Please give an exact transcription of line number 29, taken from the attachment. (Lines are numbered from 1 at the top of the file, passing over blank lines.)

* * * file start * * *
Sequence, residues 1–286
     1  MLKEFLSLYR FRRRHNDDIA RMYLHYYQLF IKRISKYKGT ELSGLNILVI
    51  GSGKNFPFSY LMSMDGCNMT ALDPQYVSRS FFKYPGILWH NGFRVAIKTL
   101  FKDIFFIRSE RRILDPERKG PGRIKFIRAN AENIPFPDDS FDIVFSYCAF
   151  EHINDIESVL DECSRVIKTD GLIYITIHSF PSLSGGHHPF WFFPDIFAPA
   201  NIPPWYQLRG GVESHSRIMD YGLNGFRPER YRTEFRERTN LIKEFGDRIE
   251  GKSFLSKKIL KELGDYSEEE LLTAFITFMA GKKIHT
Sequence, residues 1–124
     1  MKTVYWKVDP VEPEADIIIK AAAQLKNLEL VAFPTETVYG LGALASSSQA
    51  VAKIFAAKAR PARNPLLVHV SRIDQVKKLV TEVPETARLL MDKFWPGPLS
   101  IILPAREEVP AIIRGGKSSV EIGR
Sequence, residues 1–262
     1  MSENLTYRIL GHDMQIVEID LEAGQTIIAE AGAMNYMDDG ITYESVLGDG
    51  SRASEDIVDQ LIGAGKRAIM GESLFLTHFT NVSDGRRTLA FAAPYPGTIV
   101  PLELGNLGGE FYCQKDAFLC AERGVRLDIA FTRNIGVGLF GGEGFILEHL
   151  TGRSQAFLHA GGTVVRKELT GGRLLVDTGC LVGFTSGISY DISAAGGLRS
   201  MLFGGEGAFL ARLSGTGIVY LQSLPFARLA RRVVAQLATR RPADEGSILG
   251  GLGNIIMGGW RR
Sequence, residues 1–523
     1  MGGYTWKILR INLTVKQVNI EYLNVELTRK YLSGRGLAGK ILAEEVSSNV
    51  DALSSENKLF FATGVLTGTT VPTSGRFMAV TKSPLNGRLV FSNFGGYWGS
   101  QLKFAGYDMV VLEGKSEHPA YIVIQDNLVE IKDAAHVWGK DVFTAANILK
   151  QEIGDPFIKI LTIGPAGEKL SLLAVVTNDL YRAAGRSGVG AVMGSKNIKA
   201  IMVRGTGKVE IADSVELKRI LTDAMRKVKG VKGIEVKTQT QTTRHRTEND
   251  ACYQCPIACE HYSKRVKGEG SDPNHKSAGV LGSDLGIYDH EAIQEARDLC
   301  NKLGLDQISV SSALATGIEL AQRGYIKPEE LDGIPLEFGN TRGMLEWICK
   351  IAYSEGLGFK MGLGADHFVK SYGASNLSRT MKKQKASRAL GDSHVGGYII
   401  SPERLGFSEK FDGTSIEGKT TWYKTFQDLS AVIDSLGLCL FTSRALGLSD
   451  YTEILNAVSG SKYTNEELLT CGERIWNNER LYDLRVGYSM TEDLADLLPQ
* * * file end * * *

   451  YTEILNAVSG SKYTNEELLT CGERIWNNER LYDLRVGYSM TEDLADLLPQ